It's all about the creek…and the mountains

Cupcake Race Lake Chatuge 5k


A gooey cupcake and a 5k run?  Along the shores of one of most pristine lakes
found anywhere in the mountains?  Yes, indeed…
Pull on your running shoes and mark your calendars
for the Lake Chatuge 5k/10 Cupcake Race!

The Jackrabbit Trail system in the Jackrabbit Recreation Area just outside of Hayesville, NC has more than 13+ miles of inter-connected loop trails that follow the shores and moutains ridges of Lake Chatuge. The trail system is rated as one of the best running and mountain bike trails in North Carolina and is one of the natural highlights of our area. The trail is surrounded by the beautiful Lake Chatuge and along with a boating area, campgrounds and great places to visit in Hiawassee and Hayesville. So grab a cupcake, spend the weekend and enjoy the race!

When:    Saturday, October 5th

Where:   Jackrabbit Recreation Area
                    465 Jackrabbit Road                  
                    (off of NC Highway 175)

                    Hayesville, NC 28904

trail running

Franklin – It’s Worth a Trip Over the Mountain

Franklin, NC – it’s worth a trip over the mountain!  Head on over to Franklin for a day filled with museums, gem-mining, shopping, waterfalls and more!  Located just 28 miles east of Casa on the Creek, Franklin offers something for just about everyone in the family, of all ages. 
                                                                             So let’s make a day of it!

franklin nc

If you’re an early riser, start with a morning visit to Rufus Morgan Falls and the approach to Franklin.  A short, easy-to-moderate trail one-mile (roundtrip) leads you up to this beautiful 60-foot waterfall in the Nantahala forest.  The trail is well-marked. From the gravel parking area, it’s easiest to hike up to the falls by going counter-clockwise on the trail. It’s a moderate, but short climb and doable for even the youngest kids.  And the views of the falls are the big pay-off, as the water tumbles down the rockface surrounded by huge rock outcroppings and nearby rivulets coming down off the mountains.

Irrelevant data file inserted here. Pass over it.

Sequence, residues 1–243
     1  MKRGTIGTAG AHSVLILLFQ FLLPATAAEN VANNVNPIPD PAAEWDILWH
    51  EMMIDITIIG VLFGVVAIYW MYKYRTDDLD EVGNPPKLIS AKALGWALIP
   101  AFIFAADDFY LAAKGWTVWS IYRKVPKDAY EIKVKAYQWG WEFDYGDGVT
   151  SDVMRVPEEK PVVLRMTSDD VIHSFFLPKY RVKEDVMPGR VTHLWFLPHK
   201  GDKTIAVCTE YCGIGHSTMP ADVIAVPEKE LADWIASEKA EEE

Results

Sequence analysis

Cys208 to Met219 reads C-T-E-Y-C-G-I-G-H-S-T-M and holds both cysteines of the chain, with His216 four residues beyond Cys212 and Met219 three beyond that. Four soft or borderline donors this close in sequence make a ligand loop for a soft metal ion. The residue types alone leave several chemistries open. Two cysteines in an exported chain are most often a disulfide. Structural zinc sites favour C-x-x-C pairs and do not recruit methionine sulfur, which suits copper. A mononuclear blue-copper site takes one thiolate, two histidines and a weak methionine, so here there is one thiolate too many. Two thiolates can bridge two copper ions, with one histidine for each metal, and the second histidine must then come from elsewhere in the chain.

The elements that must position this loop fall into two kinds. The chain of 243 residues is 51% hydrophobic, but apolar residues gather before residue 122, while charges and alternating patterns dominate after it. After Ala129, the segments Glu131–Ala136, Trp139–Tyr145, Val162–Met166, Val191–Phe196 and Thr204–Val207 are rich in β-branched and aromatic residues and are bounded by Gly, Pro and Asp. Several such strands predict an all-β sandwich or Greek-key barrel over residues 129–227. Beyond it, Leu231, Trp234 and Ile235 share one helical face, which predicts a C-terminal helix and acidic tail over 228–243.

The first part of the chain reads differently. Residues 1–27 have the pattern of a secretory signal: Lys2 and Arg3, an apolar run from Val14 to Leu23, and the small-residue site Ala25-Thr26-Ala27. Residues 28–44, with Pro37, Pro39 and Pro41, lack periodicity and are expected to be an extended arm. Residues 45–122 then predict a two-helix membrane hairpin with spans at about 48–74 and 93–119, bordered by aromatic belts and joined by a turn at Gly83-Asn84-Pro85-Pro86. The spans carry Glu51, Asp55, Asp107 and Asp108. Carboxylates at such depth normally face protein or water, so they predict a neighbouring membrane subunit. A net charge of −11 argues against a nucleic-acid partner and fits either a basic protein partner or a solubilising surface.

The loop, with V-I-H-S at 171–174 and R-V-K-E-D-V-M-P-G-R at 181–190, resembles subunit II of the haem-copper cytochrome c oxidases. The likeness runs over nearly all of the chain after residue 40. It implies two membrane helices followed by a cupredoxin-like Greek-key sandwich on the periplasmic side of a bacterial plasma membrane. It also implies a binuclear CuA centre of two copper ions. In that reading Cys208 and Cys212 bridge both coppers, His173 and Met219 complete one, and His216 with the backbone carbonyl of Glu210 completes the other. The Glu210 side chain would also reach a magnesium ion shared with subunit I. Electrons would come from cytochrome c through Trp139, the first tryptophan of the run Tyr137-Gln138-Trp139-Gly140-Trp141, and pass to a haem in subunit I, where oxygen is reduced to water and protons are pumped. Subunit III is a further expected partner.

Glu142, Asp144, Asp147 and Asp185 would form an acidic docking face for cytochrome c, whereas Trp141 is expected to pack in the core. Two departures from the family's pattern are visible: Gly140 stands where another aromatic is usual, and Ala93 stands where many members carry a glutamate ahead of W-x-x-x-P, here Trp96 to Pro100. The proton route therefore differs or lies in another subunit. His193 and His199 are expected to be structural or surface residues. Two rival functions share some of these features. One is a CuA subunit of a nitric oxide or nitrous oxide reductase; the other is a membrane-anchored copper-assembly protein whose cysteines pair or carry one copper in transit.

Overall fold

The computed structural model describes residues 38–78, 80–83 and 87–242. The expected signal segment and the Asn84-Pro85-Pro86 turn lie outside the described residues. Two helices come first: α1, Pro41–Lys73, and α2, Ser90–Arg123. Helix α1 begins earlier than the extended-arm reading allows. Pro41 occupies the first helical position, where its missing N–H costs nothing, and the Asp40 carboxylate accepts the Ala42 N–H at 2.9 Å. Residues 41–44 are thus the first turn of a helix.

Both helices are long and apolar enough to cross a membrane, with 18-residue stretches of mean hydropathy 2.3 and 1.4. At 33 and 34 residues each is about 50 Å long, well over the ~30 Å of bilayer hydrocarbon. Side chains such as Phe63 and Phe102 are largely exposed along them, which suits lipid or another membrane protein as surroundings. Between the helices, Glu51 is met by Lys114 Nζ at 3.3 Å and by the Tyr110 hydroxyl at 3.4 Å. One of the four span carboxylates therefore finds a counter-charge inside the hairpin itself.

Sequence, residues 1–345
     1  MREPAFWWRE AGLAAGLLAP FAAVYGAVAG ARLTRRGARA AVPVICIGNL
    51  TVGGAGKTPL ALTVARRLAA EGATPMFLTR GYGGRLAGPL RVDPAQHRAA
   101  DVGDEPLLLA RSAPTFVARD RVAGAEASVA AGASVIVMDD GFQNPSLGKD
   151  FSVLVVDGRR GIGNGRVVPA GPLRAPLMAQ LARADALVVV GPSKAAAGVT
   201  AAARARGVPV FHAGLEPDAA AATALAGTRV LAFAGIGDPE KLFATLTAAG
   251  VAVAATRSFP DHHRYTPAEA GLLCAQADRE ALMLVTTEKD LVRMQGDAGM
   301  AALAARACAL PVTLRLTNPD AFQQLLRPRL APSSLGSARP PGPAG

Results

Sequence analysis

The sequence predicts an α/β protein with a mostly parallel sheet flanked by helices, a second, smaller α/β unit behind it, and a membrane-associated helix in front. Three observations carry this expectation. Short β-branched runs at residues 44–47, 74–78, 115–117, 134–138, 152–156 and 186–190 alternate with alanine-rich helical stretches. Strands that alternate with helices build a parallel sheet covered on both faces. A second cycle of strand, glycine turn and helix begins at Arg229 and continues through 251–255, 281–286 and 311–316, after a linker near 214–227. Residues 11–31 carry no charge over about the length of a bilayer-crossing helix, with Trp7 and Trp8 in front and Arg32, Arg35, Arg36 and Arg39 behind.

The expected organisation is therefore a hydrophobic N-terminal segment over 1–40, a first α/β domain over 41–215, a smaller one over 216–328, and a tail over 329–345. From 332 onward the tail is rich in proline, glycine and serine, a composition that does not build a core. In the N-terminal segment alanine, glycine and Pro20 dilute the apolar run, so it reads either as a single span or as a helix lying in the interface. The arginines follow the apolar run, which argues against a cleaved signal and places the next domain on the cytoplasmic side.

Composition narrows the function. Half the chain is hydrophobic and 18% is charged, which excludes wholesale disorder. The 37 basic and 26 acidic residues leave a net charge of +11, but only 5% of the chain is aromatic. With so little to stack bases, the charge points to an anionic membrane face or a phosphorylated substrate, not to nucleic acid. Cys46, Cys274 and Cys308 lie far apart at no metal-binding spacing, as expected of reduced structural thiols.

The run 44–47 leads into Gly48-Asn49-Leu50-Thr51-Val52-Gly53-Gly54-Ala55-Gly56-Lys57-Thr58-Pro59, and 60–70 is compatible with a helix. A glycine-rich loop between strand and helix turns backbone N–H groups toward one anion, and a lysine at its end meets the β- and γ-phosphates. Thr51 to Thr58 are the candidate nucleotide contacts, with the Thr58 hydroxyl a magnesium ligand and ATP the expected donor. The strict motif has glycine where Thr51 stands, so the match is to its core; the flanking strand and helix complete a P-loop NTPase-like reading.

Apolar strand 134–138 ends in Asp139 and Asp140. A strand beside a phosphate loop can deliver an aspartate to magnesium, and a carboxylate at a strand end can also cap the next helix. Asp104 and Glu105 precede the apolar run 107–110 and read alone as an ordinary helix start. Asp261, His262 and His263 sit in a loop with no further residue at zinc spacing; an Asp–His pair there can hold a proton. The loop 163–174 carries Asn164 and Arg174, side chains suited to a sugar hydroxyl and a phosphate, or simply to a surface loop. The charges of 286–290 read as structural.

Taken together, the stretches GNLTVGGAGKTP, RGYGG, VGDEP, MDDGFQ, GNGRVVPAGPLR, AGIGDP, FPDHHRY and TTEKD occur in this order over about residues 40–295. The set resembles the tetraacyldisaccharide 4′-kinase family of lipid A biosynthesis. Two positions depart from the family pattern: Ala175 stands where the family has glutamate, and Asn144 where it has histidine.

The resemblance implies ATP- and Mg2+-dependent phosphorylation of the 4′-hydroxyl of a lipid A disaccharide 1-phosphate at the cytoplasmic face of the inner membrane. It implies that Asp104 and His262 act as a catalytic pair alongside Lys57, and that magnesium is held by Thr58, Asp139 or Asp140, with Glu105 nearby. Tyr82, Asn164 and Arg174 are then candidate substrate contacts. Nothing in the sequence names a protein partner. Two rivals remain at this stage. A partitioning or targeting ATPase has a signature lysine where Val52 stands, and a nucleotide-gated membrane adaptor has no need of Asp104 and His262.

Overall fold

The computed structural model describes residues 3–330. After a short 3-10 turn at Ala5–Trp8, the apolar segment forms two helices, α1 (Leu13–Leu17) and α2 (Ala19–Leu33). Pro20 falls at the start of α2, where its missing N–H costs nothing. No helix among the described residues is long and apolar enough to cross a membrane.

After your visit to the falls, continue on for several miles and visit Wayah Bald and the Wayah Fire Tower.  On the way, you can visit the Wilson Lick Ranger Station and learn more about the national forest, trails, wildlife and more. Continue another 3 miles to Wayah Bald which provides a beautiful view of Franklin. From the parking area, a short paved trail leads up to the historic Wayah Bald Fire Tower.  The roof structure of the tower was destroyed during the autumn wildfires of 2016 but has since been rebuilt. The tower offers stunning views of the surrounding mountains of Georgia, North Carolina and Tennessee.

wayah fire tower

By now you’re probably ready for some lunch, so head over to the town of Franklin for your choice of cafes, bakeries, craft breweries and more.  Some of our favorites are:
Caffe Rel
Gazebo Creekside Cafe
Frogtown Market
Lazy Hiker Brewing Company
Note: If you plan to visit any of these restaurants, or any others in town,
it’s always a good idea to call ahead and verify hours of operation.

After lunch it’s time to check out the several small museums in Franklin.  Want to learn about all things Scottish?  Visit the Scottish Tartans Museum right downtown.  Interested in the local geology of our mountains? Visit Ruby City Gems or the Franklin Gem & Mineral Museum.  Learn more about the general history of Franklin and what it was like to live in the Appalachians years ago at the Macon County Historical Museum. Learn more about these local museums at

scottish tartans museum
ruby city gems

Finally, end your day with a quiet late afternoon stroll along The Little Tennessee River Greenway, a walking/biking trail that meanders along the Little Tennessee River in Franklin, offering great views of the river and quiet spots to stop and rest after a busy day before heading back home to Casa on the Creek and our little corner of the mountains.

Thanks for visiting Franklin, NC!

Toyota Bassmaster Angler Of The Year Championship

bass fishing

Toyota Bassmaster Angler Of The Year Championship!  
Our little corner of the mountains is hosting the Toyota Bassmaster National Championship!  The championship will be managed at the tournament headquarters in Hiawassee, but you can bet they’ll be lots of anglers heading right up here to the north end of the lake to try their skill and luck at landing a record trophy.

Before the fishing begins, the best bass anglers in the world gather for the Night of Champions. Brandon Palaniuk speaks from the heart in front of the anglers who inspired him to win his Angler of the Year title in 2017. The self-professed B.A.S.S. geek, shares how he went from living in a trailer to a professional bass angler.

lake chatuge

Craig Lamb writes on the tournament’s website:
“YOUNG HARRIS, Ga. — Duplicate a rotation of tactics, lures and locations that put bass in the livewell and you have a pattern. Whoever scores with the best pattern this week will win the Toyota Bassmaster Angler of the Year Championship on Lake Chatuge.